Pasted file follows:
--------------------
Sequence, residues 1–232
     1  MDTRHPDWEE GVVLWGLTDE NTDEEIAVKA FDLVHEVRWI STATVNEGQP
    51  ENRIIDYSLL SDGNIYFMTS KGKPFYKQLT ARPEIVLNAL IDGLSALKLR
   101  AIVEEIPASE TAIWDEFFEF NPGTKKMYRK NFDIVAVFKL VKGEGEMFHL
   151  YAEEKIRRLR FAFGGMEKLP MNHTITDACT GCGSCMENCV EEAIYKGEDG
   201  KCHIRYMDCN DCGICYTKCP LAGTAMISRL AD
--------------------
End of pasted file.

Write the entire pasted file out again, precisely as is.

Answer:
Sequence, residues 1–232
     1  MDTRHPDWEE GVVLWGLTDE NTDEEIAVKA FDLVHEVRWI STATVNEGQP
    51  ENRIIDYSLL SDGNIYFMTS KGKPFYKQLT ARPEIVLNAL IDGLSALKLR
   101  AIVEEIPASE TAIWDEFFEF NPGTKKMYRK NFDIVAVFKL VKGEGEMFHL
   151  YAEEKIRRLR FAFGGMEKLP MNHTITDACT GCGSCMENCV EEAIYKGEDG
   201  KCHIRYMDCN DCGICYTKCP LAGTAMISRL AD